Monday, January 26, 2004

"Innocent Jane's got an innocent name..."

"...But she'll confess to you--everybody's guilty."

Been thinking about holiness for the last few weeks. It seems like I go through these seasons where I'm growing closer to God, reading the Word, digging in, changing some habits, and then like the tide, I wash out, and start back at the beginning. There are several reasons why this happens, but they all add up to a combination of half-hearted commitment and the foolish idea of self-help.

Commitment to Christ isn't a buffet style event, like my recent selection of insurance plans. I had to choose which part I wanted in each category, weighing cost versus benefit.

And although we spout so much noise to the contrary, sometimes our "commitment" to following Christ turns into that. We're willing to go to church, but not to witness. We'll read the Bible sometimes, but won't sacrifice sleep or TV to do so. We'll give up a few kinds of entertainment (usually things we don't care for, anyway) but won't even consider giving up other kinds ('you don't understand, I *have to* watch "Sex in the City"').

It's like the kid who says he wants to give to the poor, and fills his bag with brussel sprouts and itchy, ugly sweaters. We're willing to give up things we never liked to begin with.

But sometimes God asks us to change in ways we don't want to. He tries to shake up areas of our lives that are comfortable. To paraphrase a line I read recently, God's more interested in carving our character than catering to our comfort. And he'll ask us to let go of things that we hold dearly, whether we realize that we do or not.

Not only can I be half-hearted in commitment, but I also get this idea that I can fix myself. We think of holiness as a plan of action. "If I do this, this, and this, I'll be more holy." But we misread the Bible when that's our focus. In my translation of the Bible, God says, "Be holy, as I am holy." He doesn't say "become" holy. But too many times, we try to "become" holy, and we fail miserably, because we lean on our own strength.

It's almost laughable to think about. When we are tempted and fall, we then base our plan of personal redemption on the strength of our own will to do right--the very will that failed to begin with. Like breaking your foot and then trying to prove your fortitude by walking to the doctor. You may get a step or two in the right direction, but you'll end up falling again.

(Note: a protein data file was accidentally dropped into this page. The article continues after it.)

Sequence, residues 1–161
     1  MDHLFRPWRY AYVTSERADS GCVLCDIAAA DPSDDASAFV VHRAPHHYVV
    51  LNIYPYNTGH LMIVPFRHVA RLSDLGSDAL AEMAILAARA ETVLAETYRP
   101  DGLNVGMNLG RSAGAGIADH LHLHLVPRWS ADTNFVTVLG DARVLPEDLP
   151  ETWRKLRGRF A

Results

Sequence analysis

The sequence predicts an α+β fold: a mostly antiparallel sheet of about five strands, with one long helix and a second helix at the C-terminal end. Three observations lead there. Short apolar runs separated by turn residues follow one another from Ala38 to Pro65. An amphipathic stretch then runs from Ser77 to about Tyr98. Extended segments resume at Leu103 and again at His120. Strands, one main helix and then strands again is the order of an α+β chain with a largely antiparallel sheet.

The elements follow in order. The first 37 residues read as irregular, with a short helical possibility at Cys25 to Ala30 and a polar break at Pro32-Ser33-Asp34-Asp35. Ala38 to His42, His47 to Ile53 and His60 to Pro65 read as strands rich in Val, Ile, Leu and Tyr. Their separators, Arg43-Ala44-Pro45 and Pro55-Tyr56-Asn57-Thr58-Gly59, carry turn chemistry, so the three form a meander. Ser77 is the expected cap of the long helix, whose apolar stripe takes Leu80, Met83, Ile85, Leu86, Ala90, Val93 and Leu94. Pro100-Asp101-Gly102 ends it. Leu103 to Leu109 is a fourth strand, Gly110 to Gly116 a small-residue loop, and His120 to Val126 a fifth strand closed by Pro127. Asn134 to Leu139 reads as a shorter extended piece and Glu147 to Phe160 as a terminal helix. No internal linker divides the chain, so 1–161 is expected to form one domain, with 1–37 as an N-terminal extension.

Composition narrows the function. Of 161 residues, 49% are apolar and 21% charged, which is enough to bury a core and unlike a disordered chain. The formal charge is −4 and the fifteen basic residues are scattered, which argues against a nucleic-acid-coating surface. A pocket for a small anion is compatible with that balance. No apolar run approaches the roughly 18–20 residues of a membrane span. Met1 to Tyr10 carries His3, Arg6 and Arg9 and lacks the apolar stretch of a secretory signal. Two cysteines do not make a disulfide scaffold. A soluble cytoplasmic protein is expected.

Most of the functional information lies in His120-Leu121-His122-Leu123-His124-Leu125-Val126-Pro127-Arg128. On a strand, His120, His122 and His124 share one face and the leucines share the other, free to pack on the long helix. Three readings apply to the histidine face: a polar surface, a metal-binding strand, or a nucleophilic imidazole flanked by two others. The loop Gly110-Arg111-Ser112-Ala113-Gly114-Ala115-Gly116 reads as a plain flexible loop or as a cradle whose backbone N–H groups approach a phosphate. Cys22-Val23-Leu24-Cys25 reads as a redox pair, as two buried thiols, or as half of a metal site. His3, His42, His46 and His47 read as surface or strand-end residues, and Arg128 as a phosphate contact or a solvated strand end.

Our "will" is malfunctional. It's broken. It's weak. Because it's based on our own power, as if any of us can save ourselves. If we could do that, Jesus wouldn't have had to come down to earth. His death on the cross would mean nothing.

But it did mean something, because he healed us when we couldn't heal ourselves. And when we understand and live in the knowledge of that healing, we find peace. He has made us holy, as in "set apart." We couldn't set ourselves apart.

But by our own power, we *can* blend back in.

That's what we do. We blend. We follow. We get caught up in so many unimportant material things, that we lose focus on the fact that we are set apart.

That's part of what God's been saying to me lately. I had forgotten that I was set apart, and I was blending into the world around me. And God the Father, in his wisdom, has been calling me back. He still says "Be holy, as I am Holy."

We are called to be set apart. The question is whether we are willing to live out this truth in a daily way.

There's an article in Relevant Online about holiness. The author really hammers home that holiness can't be earned, and that we should focus on God's holiness instead of our unholiness. I'm not sure if I agree with that totally. Yes, we cannot be holy on our own, and yes, our attention should always be on God rather than on us.

But holiness (in a day-to-day sense) is not automatic, like salvation. Just because we are set apart doesn't mean we are clean. Not yet. And we can't ignore the fact that we still have attitudes and habits that keep us from being clean, and these flaws in our character must be fought and overcome through Christ's power.

I don't know, I may be wrong about all of this. But I don't trust any attitude that tries to glaze over the sinfulness of human nature, and the daily need for grace. I may be misreading him, but that's what the Relevant author sounded like he was doing. We can't de-emphasize our daily mistakes without losing our understanding of how desparate our need is for grace. I'm not talking about wallowing in guilt--i've done that too.

What I mean is we need a realistic view of things. If you are a Christian, you are the King's redeemed child, filthy and bleeding but forgiven. Nothing can remove you from God's love or faithfulness, but you have to choose to live as His child. And being the child of the king means giving up your old rags, and not playing in the filth anymore. We can choose to do that. We must choose daily to do that. Or else we'll look like everyone else's children.

Thoughts? Maybe discussion of the difference (if any) between holiness and sanctification (we're getting all theological now)?

I don't claim to have the answers. I'm still working through this. But this is what I've got so far.

If you're still reading, thanks for sticking through this. I appreciate it.

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